Queen Esther, Gog and the End Of Days

While sometimes treated as merely an amusing Kid’s Church story, a Jewish perspective on the book of Esther reveals remarkable links to Gog, Magog and the End of Days. 

A World Empire and a Wicked Ruler

During the days of Queen Esther, Haman the Agagite rose to prominence becoming second only to the King of the vast Persian empire stretching from India across the Middle East and down to Ethiopia.

Haman means ‘magnificent’, and Agag means “exalted”, and this wicked man certainly thought of himself as being someone particularly grand. It was commanded that everyone should bow to Haman, yet Mordechai the Jew refused. The reason is that the word to ‘bow’ in this context means to prostrate oneself in veneration, just like one would before the presence of God. Being a faithful follower of the God of Israel, Mordechai refused to bow – incensing Haman. As the story goes, Haman’s fury drove him to seek the annihilation of not only Mordechai, but of all the Jewish people.

While Haman’s plans were ultimately foiled, is that the end of the story? Or is the book of Esther prophetic of the End Times? Will the End Times see another figure arise who – like Haman -demands worship? And are there more links between these two wicked men?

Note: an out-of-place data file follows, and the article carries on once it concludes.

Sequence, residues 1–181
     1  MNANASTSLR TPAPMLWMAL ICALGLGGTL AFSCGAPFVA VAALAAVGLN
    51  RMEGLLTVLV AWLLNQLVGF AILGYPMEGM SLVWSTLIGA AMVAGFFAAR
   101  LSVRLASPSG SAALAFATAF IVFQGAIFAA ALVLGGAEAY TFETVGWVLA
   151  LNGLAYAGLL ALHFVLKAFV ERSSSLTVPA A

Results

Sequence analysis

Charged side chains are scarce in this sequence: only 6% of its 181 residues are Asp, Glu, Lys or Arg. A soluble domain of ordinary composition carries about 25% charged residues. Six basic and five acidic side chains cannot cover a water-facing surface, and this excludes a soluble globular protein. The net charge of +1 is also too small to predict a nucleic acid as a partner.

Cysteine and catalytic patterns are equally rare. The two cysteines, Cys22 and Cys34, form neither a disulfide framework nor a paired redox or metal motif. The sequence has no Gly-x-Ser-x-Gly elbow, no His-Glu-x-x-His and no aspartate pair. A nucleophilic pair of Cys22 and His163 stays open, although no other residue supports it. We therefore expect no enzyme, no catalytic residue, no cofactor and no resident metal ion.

Agag and Gog

A significant link between Haman and the End Times is in the Bible’s identification of him as an Agagite. Agag was once the king of Amalek and this name comes from the very same Hebrew root as the name Gog. 

Gog draws his fame from the yet unfulfilled prophecy of Ezekiel  chapters 38-39, that paint him as the grand leader of a massive end time coalition of nations against Israel. Gog’s gigantic northern army crushes down on Israel until God finally intervenes, destroying Gog and revealing His glory to the nations and to Israel. 

While many Bible teachers zero in on the specific nations mentioned in Gog’s coalition, differentiating this war from other End Time conflicts, a Hebraic view brings out a different perspective. The word “Gog and Magog” in Hebrew has the numerical value ‘70’ which points to the Biblical 70 nations of mankind. In this view, the Gog and Magog war coalition against Israel will include not just a handful of nations, but rather represent a world-wide gathering against the Jewish nation. 

In Rabbinic teaching, Gog is therefore viewed as the ultimate evil end time figure that will arise prior to the Messiah destroying him and setting up His kingdom. Does this view bear up against what we know of End Time events, and if so how does it further link Haman and Gog in the End Times? 

Gog before or after the Tribulation

Bible teachers generally label the final 7 years of human history before Jesus sets up His kingdom as the Tribulation. During this time the world will witness the rise of the antichrist and a breakout of intense persecution of the followers of the God of Israel – Jew and Christian alike.